By day Louisa is a gardener who restores historic gardens. Yet she also harbors a secret obsession for her ex-lover, often wearing his scent and drinking his favorite whiskey. Nineteen-year-old Paul, a dead ringer for Louisa's ex, hides out assisting with her garden after agreeing to testify against a friend in court. Paul and Louisa, who is two decades older, begin an affair while grappling with questions of guilt and loyalty as flashbacks reveal further secrets. VERDICT Kelly's follow-up to her debut, The Poison Tree, is a dark, oddly intriguing read about the powers of obsession and the lines that separate the guilty from the innocent. Though many of the "surprising" details that come to light are rather predictable, readers will stick it out to the shocking conclusion to learn how culpable Louisa and Paul are for past incidents. Recommended wherever The Poison Tree is popular. [See Prepub Alert, 8/26/11.]—Katie Lawrence, Chicago
Kirkus Reviews
A second novel from British journalist Kelly (The Poison Tree, 2011). Young Louisa Trevelyan was a Goth girl who frustrated her upper-class parents. With no thoughts of moving on to college, Louisa came and went as she pleased, working in a stall at Kensington Market selling aromatic oils, drinking and sneaking a different guy into her room (which is set off from the main house) each night. Then she meets Adam, the beautiful lead singer for a group known as Glasslake. Louisa is immediately captivated by the sexy bad boy who keeps his past hidden and is devastated by their arguments and his flirtatious nature. Kelly weaves in the tale of Paul Seaforth, a young man who loses his father at an early age to a terrible accident. The chapters, which span a 20-year range, tell the back stories simultaneously while chronicling the characters' lives in 2009, when both are working to reconstruct a heritage garden. Paul, who has an uncanny resemblance to Adam, is preparing to go to court and testify against his former best friend, a man who has been both his protector and burden. The author is a careful chronicler, but the earlier chapters are somewhat confusing and not as engaging as they could be, particularly when she delves into horticultural minutiae. The pace picks up about a third of the way through, and that's where the characters turn engaging, if not always sympathetic. A solid psychological thriller that provides readers with a harrowing look into the violent pasts of a pair of characters who have everything to lose and know it.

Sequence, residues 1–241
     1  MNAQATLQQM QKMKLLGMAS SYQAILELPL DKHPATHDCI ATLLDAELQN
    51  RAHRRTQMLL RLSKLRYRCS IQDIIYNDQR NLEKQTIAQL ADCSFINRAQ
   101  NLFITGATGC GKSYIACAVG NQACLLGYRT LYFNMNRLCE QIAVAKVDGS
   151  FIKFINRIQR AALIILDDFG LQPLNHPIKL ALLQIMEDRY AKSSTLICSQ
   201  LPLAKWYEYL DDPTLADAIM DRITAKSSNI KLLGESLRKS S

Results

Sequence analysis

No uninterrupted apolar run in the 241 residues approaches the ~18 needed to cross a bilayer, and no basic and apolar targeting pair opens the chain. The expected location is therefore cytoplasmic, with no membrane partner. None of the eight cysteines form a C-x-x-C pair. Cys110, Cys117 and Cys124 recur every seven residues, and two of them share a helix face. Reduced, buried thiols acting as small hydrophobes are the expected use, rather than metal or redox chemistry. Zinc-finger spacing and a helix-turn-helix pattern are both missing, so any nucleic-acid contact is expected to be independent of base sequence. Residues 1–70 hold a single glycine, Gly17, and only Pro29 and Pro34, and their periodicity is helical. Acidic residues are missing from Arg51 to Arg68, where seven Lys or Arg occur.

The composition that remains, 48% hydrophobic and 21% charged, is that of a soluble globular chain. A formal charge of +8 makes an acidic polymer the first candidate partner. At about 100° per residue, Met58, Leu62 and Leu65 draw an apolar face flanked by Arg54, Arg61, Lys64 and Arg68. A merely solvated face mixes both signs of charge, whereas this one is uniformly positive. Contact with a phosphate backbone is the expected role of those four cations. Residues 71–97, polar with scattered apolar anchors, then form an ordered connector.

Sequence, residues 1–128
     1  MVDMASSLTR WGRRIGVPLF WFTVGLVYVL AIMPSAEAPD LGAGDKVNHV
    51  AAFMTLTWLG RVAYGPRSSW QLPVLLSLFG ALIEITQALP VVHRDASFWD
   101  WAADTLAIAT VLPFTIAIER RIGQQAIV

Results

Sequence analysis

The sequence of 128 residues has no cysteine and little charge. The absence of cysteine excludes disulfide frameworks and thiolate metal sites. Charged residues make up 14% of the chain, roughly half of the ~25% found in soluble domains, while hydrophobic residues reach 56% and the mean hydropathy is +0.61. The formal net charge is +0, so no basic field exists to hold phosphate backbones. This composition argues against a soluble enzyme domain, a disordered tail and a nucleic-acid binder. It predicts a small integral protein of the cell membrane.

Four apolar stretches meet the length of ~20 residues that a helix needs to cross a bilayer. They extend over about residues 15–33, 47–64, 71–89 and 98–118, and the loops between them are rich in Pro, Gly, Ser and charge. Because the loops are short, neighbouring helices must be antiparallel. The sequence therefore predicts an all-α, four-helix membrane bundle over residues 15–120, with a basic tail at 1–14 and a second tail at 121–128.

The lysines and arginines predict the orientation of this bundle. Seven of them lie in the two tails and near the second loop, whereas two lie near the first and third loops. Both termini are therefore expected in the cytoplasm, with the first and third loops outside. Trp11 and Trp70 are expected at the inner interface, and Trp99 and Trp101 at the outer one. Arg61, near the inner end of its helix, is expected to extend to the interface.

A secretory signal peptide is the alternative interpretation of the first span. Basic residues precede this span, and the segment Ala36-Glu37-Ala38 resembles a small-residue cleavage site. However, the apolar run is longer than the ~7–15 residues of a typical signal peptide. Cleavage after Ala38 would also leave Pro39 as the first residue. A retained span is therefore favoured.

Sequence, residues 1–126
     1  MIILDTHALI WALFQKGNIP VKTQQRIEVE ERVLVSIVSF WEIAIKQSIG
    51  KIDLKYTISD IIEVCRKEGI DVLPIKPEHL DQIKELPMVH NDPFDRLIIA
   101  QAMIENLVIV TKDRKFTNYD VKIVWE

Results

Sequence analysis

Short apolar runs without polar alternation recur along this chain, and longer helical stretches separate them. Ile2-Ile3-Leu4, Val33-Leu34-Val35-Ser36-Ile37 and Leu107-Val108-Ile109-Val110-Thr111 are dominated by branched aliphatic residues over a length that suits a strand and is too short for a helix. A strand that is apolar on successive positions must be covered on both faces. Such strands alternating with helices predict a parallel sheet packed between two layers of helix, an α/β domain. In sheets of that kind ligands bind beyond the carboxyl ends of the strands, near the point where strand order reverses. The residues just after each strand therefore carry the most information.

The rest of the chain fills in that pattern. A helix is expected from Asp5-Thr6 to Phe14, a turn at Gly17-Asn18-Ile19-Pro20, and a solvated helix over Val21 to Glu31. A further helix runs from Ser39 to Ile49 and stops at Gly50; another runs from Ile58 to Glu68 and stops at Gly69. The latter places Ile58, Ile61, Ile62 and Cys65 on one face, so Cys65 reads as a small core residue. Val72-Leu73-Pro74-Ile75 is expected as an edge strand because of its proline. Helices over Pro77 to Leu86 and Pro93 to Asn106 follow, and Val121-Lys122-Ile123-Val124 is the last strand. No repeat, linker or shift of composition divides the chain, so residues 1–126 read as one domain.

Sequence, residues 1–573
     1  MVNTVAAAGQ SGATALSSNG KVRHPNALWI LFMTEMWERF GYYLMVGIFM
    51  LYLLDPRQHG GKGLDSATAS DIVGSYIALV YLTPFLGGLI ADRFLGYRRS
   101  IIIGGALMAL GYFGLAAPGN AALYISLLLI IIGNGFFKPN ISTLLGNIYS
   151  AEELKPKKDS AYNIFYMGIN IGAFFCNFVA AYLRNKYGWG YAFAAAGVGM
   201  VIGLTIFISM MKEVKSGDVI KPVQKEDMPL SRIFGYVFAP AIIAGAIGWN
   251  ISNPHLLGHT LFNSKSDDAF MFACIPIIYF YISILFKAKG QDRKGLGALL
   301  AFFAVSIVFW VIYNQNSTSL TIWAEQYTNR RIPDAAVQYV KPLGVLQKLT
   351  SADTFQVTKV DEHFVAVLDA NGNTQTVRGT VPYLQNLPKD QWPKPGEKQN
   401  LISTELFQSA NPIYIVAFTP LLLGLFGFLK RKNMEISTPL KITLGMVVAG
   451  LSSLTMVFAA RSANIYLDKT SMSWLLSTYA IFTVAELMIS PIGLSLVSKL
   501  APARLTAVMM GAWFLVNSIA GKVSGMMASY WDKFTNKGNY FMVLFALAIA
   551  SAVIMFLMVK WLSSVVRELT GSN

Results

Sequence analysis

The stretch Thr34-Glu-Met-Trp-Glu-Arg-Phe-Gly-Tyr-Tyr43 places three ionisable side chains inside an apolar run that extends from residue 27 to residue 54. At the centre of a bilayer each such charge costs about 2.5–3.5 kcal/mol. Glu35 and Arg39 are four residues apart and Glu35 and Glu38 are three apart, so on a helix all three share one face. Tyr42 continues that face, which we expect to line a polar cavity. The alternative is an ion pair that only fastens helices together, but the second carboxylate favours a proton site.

Product Details

ISBN-13:
9781101559857
Publisher:
Penguin Publishing Group
Publication date:
02/02/2012
Sold by:
Penguin Group
Format:
NOOK Book
Pages:
336
Sales rank:
175,532
File size:
1 MB
Age Range:
18 Years

What People are saying about this

Stephen King
Praise for THE POISON TREE:

“A terrific suspense debut, reminiscent of another British woman’s auspicious bow: Daphne DuMaurier’s Rebecca. The shadows gather until the ending looms like a threatening figure. This one gets the writer’s ultimate bit of praise: I wish I had written it.

From the Publisher
“Erin Kelly has delivered a stunning look at human desperation, loyalty, and absolute terror…First class writing that is absolutely captivating!”
Suspense Magazine
Maureen Corrigan
“[Kelly] draws readers in with her compelling stories; then, she dims the lights, darkens the worldview and bolts the exit doors. . . . It’s useless to resist: You must read it.”

Meet the Author

Erin Kelly read English and European literature at Warwick University and has worked as a freelance journalist for more than ten years. She has written for The Sunday Times, The Sunday Telegraph, The Daily Mail, Psychologies, Red, Elle, Marie Claire, Cosmopolitan, and Glamour. She lives in North London with her husband and daughter.

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The Dark Rose: A Novel 4.3 out of 5 based on 0 ratings. 9 reviews.
gloriafeit More than 1 year ago
Louisa Trevelyan is working as a garden designer re-creating a historically accurate Tudor garden in Warwickshire, at the fictional Kelstice Lodge. After working for years recreating gardens that had fallen into neglect on private estates, this community program has really given her a chance to indulge her creative passion for garden design. It is there that she meets Paul Seaforth, 19 years old, who bears “an uncanny likeness” to her lover of years ago, Adam Glasslake. Though that relationship only lasted a few months, Louisa had been obsessed with Adam from the day she met him, an obsession undiminished with the years, which now translates into an affair with the much-younger Paul. Kelstice is a project of Veriditas, a charity working with “at risk youth.” Paul’s presence is the “community service” to which he has been sentenced in lieu of jail time for his part in a crime committed by a mentor of sorts, against whom he has agreed to testify in court. For her part, Louisa also has a past which threatens her present. By unspoken agreement, they never discuss their pasts with one another. Billed as a ‘psychological mystery,’ I found the novel to be more suspense than mystery, as the details of Paul’s and Louisa’s pasts are revealed to the reader only in small doses. The shifting p.o.v. and time frames were somewhat disorienting, but necessary, describing the earlier years of both protags bit by bit, building the anticipation, until quite near the end of the novel, when all the details are finally revealed, leading to a stunning climax. Recommended.
Bobby Edwards More than 1 year ago
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Anonymous More than 1 year ago
Okay. This was a GOOD book. I liked her first one, The Poison Tree, but this was even better. They're not deep reading. Just fun suspense. If you liked The Poison Tree, you will love this one.